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RE: commutating antennas (was Re: Canted S-band antennas on satellite)

Bill Tynan introduced the concept of such a spacecraft at an AMSAT Symposium
several years ago.  What Bill suggested was a simple spacecraft with no
mechanical parts and thus electronically switching to the antennas facing
Earth.  The postulated orbit was Geosynchronous or another high circular
orbit to keep it simple (i.e., constant switching rate).  However, there is
nothing inherent in the concept that precludes operation in an elliptical
orbit as long as it is understood that that the switching rate must vary
depending on where you are in that orbit.

The technical challenge is having accurate, real-time knowledge of which
side of the spacecraft if facing the Earth.  I've been pondering
implementations of inertial sensors to make such a determination.  Such a
setup would, however, require a backup set of omni antennas for cases in
which the switching electronics wasn't working correctly.

Ken Ernandes, N2WWD

-----Original Message-----
From: owner-AMSAT-BB@AMSAT.Org [mailto:owner-AMSAT-BB@AMSAT.Org]On
Behalf Of Tom Clark (W3IWI)
Sent: Friday, May 03, 2002 11:11 AM
To: 'Franklin Antonio'; 'Ronald Long'
Cc: amsat-bb@AMSAT.Org
Subject: RE: [amsat-bb] commutating antennas (was Re: Canted S-band
antennas on satellite)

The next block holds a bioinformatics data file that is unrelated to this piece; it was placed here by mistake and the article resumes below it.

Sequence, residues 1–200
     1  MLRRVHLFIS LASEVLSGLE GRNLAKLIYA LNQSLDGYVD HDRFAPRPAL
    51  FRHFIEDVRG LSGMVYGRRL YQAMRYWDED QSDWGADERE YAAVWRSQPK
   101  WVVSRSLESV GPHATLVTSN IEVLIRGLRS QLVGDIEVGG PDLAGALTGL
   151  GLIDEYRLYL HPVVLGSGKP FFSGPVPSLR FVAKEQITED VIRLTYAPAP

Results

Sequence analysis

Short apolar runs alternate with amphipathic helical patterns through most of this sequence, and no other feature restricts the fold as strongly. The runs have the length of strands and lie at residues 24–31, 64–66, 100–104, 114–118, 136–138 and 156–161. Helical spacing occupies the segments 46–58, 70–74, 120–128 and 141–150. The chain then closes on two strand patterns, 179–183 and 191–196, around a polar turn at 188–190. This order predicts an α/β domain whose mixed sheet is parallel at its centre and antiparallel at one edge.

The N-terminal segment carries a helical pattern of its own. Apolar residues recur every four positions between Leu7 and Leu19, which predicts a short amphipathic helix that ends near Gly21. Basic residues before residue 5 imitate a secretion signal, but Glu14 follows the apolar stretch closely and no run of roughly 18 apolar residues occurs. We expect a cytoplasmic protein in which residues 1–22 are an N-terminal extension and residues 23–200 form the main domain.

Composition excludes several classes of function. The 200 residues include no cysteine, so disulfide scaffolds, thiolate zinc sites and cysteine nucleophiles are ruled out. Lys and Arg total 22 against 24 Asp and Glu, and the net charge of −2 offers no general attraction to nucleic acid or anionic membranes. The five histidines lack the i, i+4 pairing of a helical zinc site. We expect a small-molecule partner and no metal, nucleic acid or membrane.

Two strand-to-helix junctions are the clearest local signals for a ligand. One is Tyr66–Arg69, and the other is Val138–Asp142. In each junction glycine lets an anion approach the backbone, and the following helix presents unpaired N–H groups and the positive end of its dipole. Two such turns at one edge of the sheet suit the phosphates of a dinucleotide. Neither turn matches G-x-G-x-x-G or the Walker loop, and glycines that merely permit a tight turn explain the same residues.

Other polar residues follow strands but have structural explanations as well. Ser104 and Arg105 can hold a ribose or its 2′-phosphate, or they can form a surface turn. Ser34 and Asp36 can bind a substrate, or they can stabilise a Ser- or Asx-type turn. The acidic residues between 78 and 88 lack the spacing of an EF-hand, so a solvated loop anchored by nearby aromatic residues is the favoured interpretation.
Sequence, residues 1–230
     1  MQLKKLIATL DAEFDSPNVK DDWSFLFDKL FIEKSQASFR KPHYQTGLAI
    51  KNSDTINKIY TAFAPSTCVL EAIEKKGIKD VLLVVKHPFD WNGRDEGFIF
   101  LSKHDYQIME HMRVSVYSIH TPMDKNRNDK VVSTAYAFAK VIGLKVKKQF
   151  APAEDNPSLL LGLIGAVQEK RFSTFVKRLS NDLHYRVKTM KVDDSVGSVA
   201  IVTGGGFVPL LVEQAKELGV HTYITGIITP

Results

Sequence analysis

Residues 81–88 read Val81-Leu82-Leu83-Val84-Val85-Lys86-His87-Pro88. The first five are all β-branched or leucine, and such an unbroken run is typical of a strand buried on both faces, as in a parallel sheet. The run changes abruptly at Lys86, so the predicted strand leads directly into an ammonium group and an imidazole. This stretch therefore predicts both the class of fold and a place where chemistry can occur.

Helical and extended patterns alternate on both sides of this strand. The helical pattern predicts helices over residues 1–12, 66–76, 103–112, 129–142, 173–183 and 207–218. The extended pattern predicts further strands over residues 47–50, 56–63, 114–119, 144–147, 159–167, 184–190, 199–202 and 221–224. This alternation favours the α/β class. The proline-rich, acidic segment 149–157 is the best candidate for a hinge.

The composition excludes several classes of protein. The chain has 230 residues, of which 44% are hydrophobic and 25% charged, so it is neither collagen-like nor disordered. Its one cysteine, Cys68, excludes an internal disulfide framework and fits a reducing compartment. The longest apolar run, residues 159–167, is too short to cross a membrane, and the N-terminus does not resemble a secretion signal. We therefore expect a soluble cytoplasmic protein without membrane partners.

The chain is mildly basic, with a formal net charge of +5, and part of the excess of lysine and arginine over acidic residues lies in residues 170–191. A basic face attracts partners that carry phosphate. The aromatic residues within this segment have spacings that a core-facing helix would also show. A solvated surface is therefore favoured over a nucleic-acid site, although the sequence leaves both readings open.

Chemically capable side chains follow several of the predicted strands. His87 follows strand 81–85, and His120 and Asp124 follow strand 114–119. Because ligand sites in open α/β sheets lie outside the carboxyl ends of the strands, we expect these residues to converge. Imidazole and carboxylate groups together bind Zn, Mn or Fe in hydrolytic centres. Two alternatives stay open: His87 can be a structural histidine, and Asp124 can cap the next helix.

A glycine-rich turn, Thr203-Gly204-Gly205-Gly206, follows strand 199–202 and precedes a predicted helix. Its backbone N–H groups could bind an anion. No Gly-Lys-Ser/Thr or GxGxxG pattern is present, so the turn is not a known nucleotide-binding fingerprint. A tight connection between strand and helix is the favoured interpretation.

Franklin, N6NKF opined:

> This is related to something I have been advocating for
> awhile now.  AO-40
> (while in its present spin mode), like its cousins AO-10 and
> AO-13 before
> it, has the antennas pointing parallel to the spin axis.
> That causes
> the operators put the spin axis near the plane of the orbit.
> That causes a
> geometric problem at some times where the sun has bad angles
> to the solar
> panels (which are on the sides).  It also makes the antennas
> point toward
> Earth during only one part of the orbit.
> A different approach would be to put antennas on the sides,
> (perhaps 4 or 6
> sides), and let the satellite spin axis be roughly
> perpendicular to the
> orbit plane.  For a low inclination orbit (like AO-40's
> orbit), this would
> give good sun angles all the time.
> [snip]

Historically, one of the serious problems with this approach is spin-induced
phase modulation. The antenna phase center -- the point (or set of points)
from which the energy appears to start -- is not coincident with the spin
axis. If the radius of the antenna element is R, then you can get a phase
shift of a significant fraction of R wavelengths as the satellite spins; a
50 cm sized satellite would have multiple wavelengths of phase shift at a
wavelength like 13cm.

If you are using a mode where phase is of little importance (SSB, CW, FM)
then you will hear a whoompa whoompa modulation. If you are using a digital
mode where phase is of importance, the PLL will be pulled with this phase
modulation. The demod PLL's will have to be designed to track thru this
modulation. I'm sure Karn will suggest that proper application of
coding/interleaving can make the data losses be tolerable.

I believe that this summer is the 40th anniversary of the use of this
technique on TELSTAR 1; this was the first satellite to send video from US
to Europe. A couple of fun references can be found at


The former includes a picture showing the equatorially mounted antennas,
while the latter is about the 60's Rock 'n Roll group Tornadoes and the hit

73 de Tom, W3IWI

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